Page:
One can see many a face in Bagheela whose name keeps changing — evolving, rather — as he moves from being a street urchin to businessman to councillor, mayor, member of the provincial assembly and who ultimately lands in the National Assembly as Makhdoom Syed Ghaus Bakhsh Bukhari, Sajjada Nashin, Dargah Pir Syed Najaf Shah. Hmmm!
A couple of stories deal with the 1947 partition of the subcontinent in today’s perspective before The Story narrates a tale — against the backdrop of the debacle of 1971 — revolving around Maalti, a Hindu Bengali woman in Dhaka, her daughter Sanjna and the latter’s father Major Imran Malik of the Pakistan Army. Hmmm!
The Story moves further on to the Pakistan that took shape in the 1980s and afterwards. It talks of intended militancy by the government of the time and its unintended fallout that the country has to face even today in a myriad of ways, but what it does talk about in a thinly-veiled — very thinly-veiled — narrative is the tragedy faced by Shanti, a Bengali actress who made a massive name for herself in Pakistani films and the politics played by “a military dictator” in the episode. This is the only instance in the entire collection where the identity of one character is all but obvious, but when it comes to the others — the culprits — even The Story takes a stutter and the narrator has to live with that. Hmmm!
The last three stories — London 2050, Hamaray Hero Wapis Karo [Give Us Back Our Heroes] and Samandar Pe Kya Guzri [The Plight of the Sea] — relate to future possibilities in relations with India, Bangladesh, Afghanistan and, indeed, the “New East India Company” in Gwadar. It is up to the reader to decide if they are based on fantasy or on foresight. Syed takes no responsibility for either choice because, after all, he has only penned what The Story told him!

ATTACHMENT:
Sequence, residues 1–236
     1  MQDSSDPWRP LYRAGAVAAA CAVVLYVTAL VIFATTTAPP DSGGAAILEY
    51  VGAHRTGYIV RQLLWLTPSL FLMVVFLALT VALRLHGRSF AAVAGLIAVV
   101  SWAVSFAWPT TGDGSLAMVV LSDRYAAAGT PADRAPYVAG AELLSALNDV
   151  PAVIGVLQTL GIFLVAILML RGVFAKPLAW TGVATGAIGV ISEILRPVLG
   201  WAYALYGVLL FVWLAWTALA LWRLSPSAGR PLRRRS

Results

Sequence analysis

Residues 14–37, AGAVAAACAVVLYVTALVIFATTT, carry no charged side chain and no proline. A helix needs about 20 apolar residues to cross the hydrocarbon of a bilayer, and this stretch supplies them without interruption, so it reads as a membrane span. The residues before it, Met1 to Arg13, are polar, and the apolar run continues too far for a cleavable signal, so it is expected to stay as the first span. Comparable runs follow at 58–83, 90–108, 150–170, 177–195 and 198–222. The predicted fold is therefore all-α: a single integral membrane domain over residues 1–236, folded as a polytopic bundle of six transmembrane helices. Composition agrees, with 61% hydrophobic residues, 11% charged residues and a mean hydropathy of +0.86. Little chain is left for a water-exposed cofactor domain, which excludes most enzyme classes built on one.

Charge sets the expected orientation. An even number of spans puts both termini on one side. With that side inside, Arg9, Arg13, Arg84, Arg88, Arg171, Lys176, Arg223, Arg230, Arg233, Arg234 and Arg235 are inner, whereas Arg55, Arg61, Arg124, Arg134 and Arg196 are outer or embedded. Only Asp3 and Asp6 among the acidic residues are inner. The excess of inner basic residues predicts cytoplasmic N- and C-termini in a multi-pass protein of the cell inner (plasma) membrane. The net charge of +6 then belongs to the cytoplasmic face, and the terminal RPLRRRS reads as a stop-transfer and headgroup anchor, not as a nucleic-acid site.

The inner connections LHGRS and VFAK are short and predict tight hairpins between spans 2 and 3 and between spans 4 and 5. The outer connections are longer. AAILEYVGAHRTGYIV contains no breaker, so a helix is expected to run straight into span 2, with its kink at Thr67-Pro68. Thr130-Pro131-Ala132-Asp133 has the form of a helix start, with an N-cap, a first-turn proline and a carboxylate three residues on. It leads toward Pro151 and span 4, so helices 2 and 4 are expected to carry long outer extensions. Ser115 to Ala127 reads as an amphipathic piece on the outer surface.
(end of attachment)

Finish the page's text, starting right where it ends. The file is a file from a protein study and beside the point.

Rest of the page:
In terms of technique, the collection, spread over 10 chapters, tells a single composite story with the past, present and future of the main character: Pakistan. The choice is interesting on the part of the writer because in poetry he runs away from the classical ghazal format which has couplets that apparently tell their own tales, but remain part of the larger whole, bound by the rhyming scheme and word patterns. It may appear to be a contradiction in approach — and, lest it be misunderstood, there is nothing wrong in that — but maybe it’s just one of those coincidences which, according to Syed’s disclaimer at the outset, make a story life-oriented.
The lasting impression the collection as a whole might leave in the mind of the reader is that it reeks of resistance literature which has its own meaning in modern Pakistan where democracy is flourishing parallel to attempts at muzzling voices of dissent in a bid to have a uniform narrative across the board on just about everything. It is probably in fiction alone that we can hope to hear a voice of sanity. And that, too, has to be said between the lines with an elaborate disclaimer upfront. It is so multi-layered and multi-purpose that the disclaimer shall rightfully be taken as the 11th story in the collection. It’s cerebral stuff.
The reviewer is a member of staff
Kahani Mujhay Mili
By Asghar Nadeem Syed
Published in Dawn, Books & Authors, July 15th, 2018